Concert Review: Tristen/Hayley Thompson-King

Concert Review: Tristen/Hayley Thompson-King

Tristen displayed both a performance affect that belied her silliness and a sonic soundscape exquisitely painted for more intimate venues.

(Photo: Kristy Benjamin)

After the release of Charlatans at the Garden Gate in 2011, the Boston Globe heralded Tristen Gaspadarek (known simply as Tristen) as “Nashville’s best-kept secret.” Yet, on the heels of the release of her third studio record, Sneaker Waves, six years later, Tristen’s music may still very well be under wraps. At least, that is what the evidence of the less-than-stellar turnout for her concert at the Rockwell in Somerville, Massachusetts might suggest. Perhaps Bostonians no longer read the Globe. Or perhaps the glut of other concerts in the greater Boston area that night (an outdoor Allston set by local heroes the Novel Ideas and a double bill of Spoon and the New Pornographers, to name a few) proved to be stiff competition. But those in on the secret were treated to a special night.

Opener and Boston local, Hayley Thompson-King, revved up the evening with a bourbon-tinged set of honky-tonks. Channeling Loretta Lynn as well as the rougher edges of garage rock, Thompson-King and her tight backing outfit dished up a fiery set, pushing a traditional country sound into the red. In addition to enkindling the night, she ignited anticipation for her debut Psychotic Melancholia, which will be released in September.

Following Thompson-King’s fire, Tristen approached the evening more coolly. The band slowly worked up a slick ’60s- inspired groove before Gaspadarek wandered onto the stage, fashioning a Dolly Parton-meets-David Bowie aesthetic. What followed was a set of lush arrangements buoyed by the singer-songwriter’s dulcet drawl. The band leaned into “Got Some,” the opening song of Sneaker Waves and the first of many from the album played throughout the night. Gaspadarek matched her delicate voice with a demure pantomime of the song’s lyrics so she could “hang back here in the atmosphere.” But her coy demeanor seemed expertly crafted as a way to beckon her audience into a more intimate exchange without having to say a word.

The band flowed seamlessly into the brisk synth-pop stylings of “Partyin’ is Such Sweet Sorrow,” before sinking into the sedative “Alone Tonight,” which ended with a brooding repartee between Gaspadarek’s vocals and the deadening drones spilling out from Buddy Hughen’s guitar. With jazzy drums, in-the-pocket bass and soft harmonies, the backing band provided the perfect placid accompaniment to her vocals.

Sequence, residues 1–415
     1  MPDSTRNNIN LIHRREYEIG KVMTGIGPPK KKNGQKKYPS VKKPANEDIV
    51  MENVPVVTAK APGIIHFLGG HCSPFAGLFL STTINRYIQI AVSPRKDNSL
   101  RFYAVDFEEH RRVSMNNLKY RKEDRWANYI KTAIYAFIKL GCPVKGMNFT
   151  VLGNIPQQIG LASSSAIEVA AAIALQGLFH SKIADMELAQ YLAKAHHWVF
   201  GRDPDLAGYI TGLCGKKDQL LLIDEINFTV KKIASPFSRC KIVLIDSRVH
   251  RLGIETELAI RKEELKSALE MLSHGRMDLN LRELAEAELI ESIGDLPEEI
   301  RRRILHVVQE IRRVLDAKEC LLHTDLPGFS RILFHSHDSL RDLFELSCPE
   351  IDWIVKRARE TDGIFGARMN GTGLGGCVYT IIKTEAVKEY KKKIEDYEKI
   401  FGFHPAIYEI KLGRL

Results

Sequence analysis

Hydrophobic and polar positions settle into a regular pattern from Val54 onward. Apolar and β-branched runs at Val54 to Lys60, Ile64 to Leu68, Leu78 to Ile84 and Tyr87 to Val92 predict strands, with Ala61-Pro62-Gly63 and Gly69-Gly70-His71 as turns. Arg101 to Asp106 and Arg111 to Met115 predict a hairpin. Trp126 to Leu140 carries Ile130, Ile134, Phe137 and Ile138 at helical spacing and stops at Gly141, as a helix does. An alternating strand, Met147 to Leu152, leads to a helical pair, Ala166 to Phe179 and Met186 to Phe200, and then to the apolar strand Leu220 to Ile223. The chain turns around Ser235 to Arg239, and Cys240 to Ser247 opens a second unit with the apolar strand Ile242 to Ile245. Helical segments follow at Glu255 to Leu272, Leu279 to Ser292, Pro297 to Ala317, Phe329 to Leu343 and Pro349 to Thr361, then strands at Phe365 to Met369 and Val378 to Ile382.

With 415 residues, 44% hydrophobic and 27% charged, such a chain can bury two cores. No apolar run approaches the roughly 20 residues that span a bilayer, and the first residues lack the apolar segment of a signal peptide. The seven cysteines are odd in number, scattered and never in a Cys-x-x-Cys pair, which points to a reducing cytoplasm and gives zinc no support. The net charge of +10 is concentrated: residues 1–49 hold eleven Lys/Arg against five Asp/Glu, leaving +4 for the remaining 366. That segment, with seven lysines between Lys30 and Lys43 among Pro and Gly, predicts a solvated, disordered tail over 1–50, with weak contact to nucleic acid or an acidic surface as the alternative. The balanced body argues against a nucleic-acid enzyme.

Ironically, she broke the ice of her cool aesthetic when she announced the song “Frozen,” cracking a joke about the Disney movie of the name with deadpan delivery. This moment of levity opened her up for a more candid goofiness throughout the set, such as when she threatened the audience with spankings and offered unlicensed therapeutic advice from her gut.

After frontloading her set with songs from Sneaker Waves, she reached back in her catalogue to her label debut, Charlatans at the Garden Gate, for a trio of songs—“Avalanche,” “Baby Drugs” and “Tadpole.” Of the three, “Baby Drugs” stood out the most as the band updated its pop bounce with the luminous layers of guitar and a swinging beat that more closely resembled something off of Sneaker Waves. “Tadpole,” however, failed to hit the mark, as the folksiness of the lyrics seemed a poor fit with a set populated with songs about vulnerability.

Tristen brought the set near its close with Caves’s “No One’s Gonna Know,” during which Gaspadarek rocked a tambourine as she belted from atop the front speaker. The band then embarked on a psyched-out version of “Heart and Hope to Die.” They stretched the song into the realm of Jefferson Airplane as Gaspadarek riffed on classic vocal lines such as “don’t you want somebody to love” and “I’m not gonna beg on my knees for you,” even as she thrashed at her guitar while kneeling on the stage.

Closing the set was a stripped down “Psychic Vampire,” an early ‘60s waltz of a song that satirizes the current social media age. With just her vocals and Hughen’s guitar, Gaspadarek invited the audience to participate in the chorus. Even with the sparse attendance, the crowd matched her word for word, filling out the Rockwell with a dreamy round.

Altogether, Tristen displayed both a performance affect that belied her silliness and a sonic soundscape exquisitely painted for more intimate venues. Both were executed nearly flawlessly, making it difficult for those in attendance to remain tight-lipped about “Nashville’s best-kept secret” any longer.

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